The crime was arson -- and some are wondering whether the motive may have been politics.
For nearly two weeks, an obscure runoff race in Louisiana centering on solar energy has been shadowed by mystery after a Nov. 6 fire at the home of Mario Zervigon, a political consultant. Zervigon is the campaign treasurer for Forest Bradley-Wright, an affordable energy consultant hoping to join the Louisiana Public Service Commission, the state body that regulates energy utilities.
Eight people barely escaped the fire in Zervigon's multifamily building. His car was torched, as was his wife's. "Someone, whoever it was, did target him," said Andrew Tuozzolo, a friend and colleague to whom Zervigon has referred media requests.
Since the fire, agents from the Bureau of Alcohol, Tobacco, Firearms and Explosives have been combing the Uptown neighborhood where Zervigon lived to determine who might be responsible. Investigators are treating the blaze as arson, having ruled out the possibility that it was accidental. On Monday, the agency announced that it was offering a $2,500 reward for information leading to an arrest in the case.
"They're pounding the pavement," ATF Special Agent Kevin Moran told HuffPost. "There is a lot of ground for these guys to cover. And this is one that's possibly a little more in depth in terms of what they have to rule out."
Part of the case's complexity has to do with Zervigon's involvement in a divisive political race. Moran has said investigators are interviewing not only Zervigon and neighbors, but also the campaigns of Bradley-Wright and his runoff opponent, Louisiana Public Service Commissioner Eric Skrmetta.
Zervigon played a role in other campaigns this election cycle, but none was as fiercely contested as the Public Service Commission race. On Nov. 4, two days before the fire, Bradley-Wright forced the incumbent Skrmetta into a Dec. 6 runoff election. The two candidates, both Republicans, have quarreled fiercely over alternative energy.
Bradley-Wright supports rules that favor homeowners who want to feed in electricity from rooftop solar arrays. He has received significant donations from the solar power industry. Skrmetta, on the other hand, has placed limits on how much electricity ordinary homeowners can sell back to the electrical grid -- and has garnered the strong backing of utility companies.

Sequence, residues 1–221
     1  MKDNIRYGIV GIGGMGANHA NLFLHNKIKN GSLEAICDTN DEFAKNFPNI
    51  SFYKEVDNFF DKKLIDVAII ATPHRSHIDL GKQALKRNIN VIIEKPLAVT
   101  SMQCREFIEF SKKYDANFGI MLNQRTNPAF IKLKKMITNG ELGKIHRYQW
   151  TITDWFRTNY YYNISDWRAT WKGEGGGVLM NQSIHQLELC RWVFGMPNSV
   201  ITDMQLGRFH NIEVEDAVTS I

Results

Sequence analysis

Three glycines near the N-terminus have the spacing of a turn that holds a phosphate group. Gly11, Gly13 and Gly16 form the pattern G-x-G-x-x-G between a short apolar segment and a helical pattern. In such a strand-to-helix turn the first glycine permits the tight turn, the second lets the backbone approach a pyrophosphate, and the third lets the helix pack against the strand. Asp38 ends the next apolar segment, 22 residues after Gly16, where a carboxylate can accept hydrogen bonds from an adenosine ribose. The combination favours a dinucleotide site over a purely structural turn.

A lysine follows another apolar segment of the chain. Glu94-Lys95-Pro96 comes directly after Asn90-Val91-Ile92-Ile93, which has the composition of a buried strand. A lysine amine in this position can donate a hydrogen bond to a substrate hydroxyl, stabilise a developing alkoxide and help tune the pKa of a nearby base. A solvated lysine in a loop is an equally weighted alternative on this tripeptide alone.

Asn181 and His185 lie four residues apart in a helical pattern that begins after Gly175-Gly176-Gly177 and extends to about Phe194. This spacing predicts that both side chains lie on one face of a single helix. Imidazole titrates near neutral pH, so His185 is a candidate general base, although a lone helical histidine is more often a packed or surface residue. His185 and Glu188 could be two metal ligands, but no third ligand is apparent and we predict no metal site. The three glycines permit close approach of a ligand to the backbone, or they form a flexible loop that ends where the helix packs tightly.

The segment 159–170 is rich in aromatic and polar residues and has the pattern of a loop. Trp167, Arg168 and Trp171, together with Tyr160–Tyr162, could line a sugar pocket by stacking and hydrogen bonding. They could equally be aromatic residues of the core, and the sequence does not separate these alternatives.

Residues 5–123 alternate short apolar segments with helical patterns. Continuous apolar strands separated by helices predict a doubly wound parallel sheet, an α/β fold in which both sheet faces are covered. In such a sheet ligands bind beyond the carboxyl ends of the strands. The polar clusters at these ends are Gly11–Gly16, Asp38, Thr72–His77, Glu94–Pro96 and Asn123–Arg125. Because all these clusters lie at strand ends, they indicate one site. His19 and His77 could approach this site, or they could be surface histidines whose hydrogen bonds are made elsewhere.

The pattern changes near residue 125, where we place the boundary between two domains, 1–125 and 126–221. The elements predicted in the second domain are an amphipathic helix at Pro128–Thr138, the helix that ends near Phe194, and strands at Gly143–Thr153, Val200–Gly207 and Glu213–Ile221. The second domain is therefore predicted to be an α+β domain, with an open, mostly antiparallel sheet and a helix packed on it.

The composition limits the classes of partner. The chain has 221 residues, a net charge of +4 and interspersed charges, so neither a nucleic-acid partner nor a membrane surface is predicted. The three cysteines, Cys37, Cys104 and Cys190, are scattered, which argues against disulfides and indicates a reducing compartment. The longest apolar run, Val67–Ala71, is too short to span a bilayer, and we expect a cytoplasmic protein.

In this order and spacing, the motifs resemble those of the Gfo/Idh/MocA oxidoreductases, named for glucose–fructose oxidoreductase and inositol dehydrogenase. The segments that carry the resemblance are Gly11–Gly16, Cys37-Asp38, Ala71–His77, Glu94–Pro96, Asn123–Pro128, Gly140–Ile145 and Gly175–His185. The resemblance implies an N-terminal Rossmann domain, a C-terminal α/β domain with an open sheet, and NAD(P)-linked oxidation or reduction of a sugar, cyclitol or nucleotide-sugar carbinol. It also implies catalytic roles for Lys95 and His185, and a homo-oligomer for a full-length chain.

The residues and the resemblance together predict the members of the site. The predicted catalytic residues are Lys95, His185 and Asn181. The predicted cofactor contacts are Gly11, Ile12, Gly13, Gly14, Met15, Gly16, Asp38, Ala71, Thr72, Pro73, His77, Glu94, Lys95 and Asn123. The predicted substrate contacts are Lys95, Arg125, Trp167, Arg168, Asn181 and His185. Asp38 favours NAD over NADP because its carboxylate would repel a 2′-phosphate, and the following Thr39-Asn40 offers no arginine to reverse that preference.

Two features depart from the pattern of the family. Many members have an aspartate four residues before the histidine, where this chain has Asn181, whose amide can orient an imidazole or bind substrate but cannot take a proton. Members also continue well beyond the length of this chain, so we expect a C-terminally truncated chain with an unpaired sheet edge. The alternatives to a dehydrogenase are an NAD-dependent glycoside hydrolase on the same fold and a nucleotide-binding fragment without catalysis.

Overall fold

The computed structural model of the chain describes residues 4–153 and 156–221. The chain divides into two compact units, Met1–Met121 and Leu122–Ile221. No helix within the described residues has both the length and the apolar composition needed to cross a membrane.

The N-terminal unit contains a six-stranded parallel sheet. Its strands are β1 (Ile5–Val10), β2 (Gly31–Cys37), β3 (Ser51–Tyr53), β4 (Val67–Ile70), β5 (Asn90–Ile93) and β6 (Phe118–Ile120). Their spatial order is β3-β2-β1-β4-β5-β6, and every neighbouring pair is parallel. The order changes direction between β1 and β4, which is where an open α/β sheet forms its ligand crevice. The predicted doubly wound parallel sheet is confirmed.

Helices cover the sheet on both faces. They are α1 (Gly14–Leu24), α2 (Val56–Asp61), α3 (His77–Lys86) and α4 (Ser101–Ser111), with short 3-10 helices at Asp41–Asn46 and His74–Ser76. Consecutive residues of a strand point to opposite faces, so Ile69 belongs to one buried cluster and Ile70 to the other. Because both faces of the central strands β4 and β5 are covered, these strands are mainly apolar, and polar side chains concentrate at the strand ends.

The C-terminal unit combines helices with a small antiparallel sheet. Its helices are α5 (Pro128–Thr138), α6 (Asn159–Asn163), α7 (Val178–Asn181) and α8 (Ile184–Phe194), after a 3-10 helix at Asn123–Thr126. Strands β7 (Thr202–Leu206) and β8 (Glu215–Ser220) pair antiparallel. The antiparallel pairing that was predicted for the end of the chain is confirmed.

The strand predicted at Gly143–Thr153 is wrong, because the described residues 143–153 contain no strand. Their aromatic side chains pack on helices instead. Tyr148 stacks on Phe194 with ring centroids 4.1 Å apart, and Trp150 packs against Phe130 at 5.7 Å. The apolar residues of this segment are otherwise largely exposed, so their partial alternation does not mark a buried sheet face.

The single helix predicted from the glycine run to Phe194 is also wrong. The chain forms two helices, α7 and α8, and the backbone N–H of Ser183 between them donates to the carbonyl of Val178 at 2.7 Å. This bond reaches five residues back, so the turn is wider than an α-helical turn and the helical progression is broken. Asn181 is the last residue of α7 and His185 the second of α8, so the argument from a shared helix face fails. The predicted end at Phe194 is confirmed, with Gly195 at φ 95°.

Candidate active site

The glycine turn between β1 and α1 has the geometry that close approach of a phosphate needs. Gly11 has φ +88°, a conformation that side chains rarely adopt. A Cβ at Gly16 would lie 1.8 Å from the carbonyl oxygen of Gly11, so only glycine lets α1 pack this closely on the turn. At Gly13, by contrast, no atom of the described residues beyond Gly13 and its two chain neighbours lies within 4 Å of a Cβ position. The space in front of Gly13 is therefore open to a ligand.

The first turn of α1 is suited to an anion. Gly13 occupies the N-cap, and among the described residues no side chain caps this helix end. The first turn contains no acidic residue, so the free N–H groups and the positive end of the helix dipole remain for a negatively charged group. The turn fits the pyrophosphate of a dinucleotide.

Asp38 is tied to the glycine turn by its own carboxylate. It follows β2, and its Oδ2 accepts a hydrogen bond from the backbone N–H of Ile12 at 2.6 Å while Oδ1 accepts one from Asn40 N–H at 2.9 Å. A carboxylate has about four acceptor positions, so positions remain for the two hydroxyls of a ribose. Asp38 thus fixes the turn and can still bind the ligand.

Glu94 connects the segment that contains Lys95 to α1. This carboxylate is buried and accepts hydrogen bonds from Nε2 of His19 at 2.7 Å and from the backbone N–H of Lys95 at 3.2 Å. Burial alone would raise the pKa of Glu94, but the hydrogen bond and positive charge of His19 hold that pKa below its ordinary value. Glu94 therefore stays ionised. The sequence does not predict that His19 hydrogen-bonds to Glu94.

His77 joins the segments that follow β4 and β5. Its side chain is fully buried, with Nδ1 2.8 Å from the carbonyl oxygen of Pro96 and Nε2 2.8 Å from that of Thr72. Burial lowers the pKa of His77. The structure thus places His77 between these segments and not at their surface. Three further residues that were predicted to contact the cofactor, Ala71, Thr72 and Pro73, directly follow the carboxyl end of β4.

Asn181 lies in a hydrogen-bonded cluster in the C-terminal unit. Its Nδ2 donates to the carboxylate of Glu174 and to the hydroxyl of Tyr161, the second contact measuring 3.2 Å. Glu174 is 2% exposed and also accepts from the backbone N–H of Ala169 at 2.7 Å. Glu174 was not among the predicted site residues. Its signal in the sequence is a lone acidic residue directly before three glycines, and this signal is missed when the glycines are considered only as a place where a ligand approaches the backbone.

This summer, Skrmetta offered to compromise with solar companies in a way that might have been palatable to homeowners -- but Bradley-Wright's supporters allege that Skrmetta only extended the compromise in an attempt to guarantee the solar industry's political backing in the election.
Moran said the ATF became involved in the case, which it is investigating along with the New Orleans fire and police departments, in part because of the possibility of a political motive.
"That's probably something just a bit more concerning to law enforcement, that we don't have these violent crimes taking place to change the course of an election," he said.
But no one has offered a convincing explanation for how the fire and the campaign might be connected.
Skrmetta, for his part, immediately issued a statement condemning the arson. "My thoughts and prayers are with Mr. Mario Zervigon and his family, and the residents in that neighborhood who have been shaken by this crime," he said.
Bradley-Wright's spokesman, Seung Hong, told HuffPost he would "absolutely not" speculate on any connection between the fire and the public service commission race.
"We're not going to go there," said Hong. "We're going to let the investigators determine that themselves."
Zervigon's friend, Tuozzolo, also declined to comment on the possibility of a political connection. But as the runoff election approaches, political insiders continue to wonder.
Neighbor Erica Centurion, who also escaped the blaze, told HuffPost that immediately after the fire, Zervigon confessed his suspicions to her.
"'I think it's political,'" she recalled him saying. "'I think it's because of the campaign work I do.'"